The Wallace Collection

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Anton Peffenhauser (c. 1525 - 1603)
Works of Art

Anton Peffenhauser was probably the most important of the Augsburg armourers of the second half of the sixteenth century. He was born in Bavaria to unknown parents but his maternal grandparents appear to have been the painter Anton Rieder and his wife Agatha (died after 1554). He probably served as an apprentice under Desiderius Helmschmid. He became master in the Augsburg Armourers' Guild in 1545 and at about this time married his first wife Regina Meixner. She must have been dead by 1560 when he married his second wife Regina Ertel, by whom he had fourteen children. Seven of his garnitures are recorded in the design book of Jorg Sorg, the earliest of which is dated 1550. Among his many important clients were Stephanus Doria; Jean de Longueval, Baron de Vaux; Don Garcia de Toledo, Marqués de Villafranca, all in 1551; and the Wurttemberg court at Stuttgart in 1566. In 1561 he received the first of several orders from the Archduke Ferdinand II of Tyrol, while the latter was Governor of Bohemia. By 1564 he received the first of several orders from the Emperor himself. From 1571 he received orders from the Bavarian court, including in 1579 the seven garnitures for St George and his six companions.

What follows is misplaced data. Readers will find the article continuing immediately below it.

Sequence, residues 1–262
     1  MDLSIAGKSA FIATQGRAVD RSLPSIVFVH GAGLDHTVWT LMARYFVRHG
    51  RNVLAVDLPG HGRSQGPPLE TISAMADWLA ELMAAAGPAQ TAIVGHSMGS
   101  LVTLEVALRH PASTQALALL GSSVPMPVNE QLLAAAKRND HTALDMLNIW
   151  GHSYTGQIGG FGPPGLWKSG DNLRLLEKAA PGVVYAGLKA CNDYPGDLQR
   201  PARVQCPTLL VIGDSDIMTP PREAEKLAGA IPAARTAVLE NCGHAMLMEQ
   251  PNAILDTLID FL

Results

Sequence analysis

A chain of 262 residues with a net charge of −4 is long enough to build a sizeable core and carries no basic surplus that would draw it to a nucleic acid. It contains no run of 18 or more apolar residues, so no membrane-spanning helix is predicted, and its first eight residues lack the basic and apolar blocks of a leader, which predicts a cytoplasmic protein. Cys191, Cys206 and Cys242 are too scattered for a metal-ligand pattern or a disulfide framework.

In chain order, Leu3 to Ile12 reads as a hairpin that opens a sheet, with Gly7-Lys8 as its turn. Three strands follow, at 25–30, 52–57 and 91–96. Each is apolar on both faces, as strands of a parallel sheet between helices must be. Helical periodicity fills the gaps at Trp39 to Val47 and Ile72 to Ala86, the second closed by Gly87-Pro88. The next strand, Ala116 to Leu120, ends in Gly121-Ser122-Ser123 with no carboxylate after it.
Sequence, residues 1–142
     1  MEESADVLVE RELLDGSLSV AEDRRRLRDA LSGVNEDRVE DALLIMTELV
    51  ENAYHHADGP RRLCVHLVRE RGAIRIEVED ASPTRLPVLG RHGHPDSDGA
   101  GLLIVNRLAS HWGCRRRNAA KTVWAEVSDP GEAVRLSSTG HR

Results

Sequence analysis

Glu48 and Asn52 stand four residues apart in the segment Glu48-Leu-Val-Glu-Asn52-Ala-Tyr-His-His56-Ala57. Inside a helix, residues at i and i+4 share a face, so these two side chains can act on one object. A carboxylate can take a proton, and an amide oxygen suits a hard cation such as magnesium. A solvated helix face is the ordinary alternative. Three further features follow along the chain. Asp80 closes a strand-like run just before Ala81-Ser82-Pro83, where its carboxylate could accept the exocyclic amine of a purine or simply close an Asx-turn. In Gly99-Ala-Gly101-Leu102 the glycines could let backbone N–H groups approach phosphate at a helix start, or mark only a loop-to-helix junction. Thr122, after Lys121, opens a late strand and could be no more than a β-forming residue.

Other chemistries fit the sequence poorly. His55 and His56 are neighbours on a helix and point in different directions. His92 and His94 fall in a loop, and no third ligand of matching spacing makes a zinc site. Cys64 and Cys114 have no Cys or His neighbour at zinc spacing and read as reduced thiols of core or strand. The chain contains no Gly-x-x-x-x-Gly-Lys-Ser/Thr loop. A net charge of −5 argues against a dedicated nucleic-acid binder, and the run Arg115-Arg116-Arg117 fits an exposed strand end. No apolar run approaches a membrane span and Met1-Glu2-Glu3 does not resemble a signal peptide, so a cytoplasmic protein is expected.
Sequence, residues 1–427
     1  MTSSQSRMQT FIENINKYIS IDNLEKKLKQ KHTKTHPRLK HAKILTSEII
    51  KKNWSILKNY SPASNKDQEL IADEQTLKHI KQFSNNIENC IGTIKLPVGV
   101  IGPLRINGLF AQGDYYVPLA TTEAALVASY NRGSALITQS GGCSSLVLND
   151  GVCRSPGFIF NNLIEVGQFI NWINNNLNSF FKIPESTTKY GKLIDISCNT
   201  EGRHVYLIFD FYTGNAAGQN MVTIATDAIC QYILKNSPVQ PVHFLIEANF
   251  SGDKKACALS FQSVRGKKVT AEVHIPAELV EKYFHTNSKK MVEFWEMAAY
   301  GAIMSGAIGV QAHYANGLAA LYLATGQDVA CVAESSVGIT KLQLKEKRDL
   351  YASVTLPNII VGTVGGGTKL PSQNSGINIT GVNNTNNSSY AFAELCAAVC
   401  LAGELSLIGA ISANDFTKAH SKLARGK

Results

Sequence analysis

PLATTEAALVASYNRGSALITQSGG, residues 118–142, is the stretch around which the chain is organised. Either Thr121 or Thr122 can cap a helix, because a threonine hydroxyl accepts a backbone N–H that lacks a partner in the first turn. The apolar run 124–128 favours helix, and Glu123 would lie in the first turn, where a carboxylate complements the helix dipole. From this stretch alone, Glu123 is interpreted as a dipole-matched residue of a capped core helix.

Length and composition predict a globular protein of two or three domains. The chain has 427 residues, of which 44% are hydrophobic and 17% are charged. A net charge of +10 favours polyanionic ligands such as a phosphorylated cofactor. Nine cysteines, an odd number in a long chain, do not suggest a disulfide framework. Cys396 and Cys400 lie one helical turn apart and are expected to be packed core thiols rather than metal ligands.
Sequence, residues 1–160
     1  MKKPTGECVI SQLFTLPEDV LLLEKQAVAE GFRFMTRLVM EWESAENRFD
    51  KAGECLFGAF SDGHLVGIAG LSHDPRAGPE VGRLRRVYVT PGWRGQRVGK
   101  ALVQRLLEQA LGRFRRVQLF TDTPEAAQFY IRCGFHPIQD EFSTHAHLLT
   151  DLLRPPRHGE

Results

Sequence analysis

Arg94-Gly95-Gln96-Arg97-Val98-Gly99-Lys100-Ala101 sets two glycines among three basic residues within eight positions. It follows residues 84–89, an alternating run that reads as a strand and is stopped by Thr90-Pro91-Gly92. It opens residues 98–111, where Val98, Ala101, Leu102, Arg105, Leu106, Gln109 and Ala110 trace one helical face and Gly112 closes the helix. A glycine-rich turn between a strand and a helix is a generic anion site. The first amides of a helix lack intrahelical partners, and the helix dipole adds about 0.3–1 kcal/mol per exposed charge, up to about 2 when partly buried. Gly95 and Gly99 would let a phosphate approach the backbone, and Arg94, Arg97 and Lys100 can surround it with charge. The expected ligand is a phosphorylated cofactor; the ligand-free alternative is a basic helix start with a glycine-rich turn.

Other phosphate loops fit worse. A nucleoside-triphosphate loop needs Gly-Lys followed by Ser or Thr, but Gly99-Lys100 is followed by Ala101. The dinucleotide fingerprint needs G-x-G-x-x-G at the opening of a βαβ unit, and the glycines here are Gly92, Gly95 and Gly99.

The three great Augsburg garnitures of Christian I of Saxony, still at Dresden, are all attributed to him, and in 1591 he delivered twelve armours for tournament foot combat for the Elector's use. He died in 1603.

His most spectacular work is a heavily embossed parade armour, possibly made with the assistance of the goldsmith Jorg Sigman, traditionally said to be that of King Sebastian of Portugal (Real Armeria, Madrid, No. A290). It is now thought more likely to be an armour of Philip II of Spain.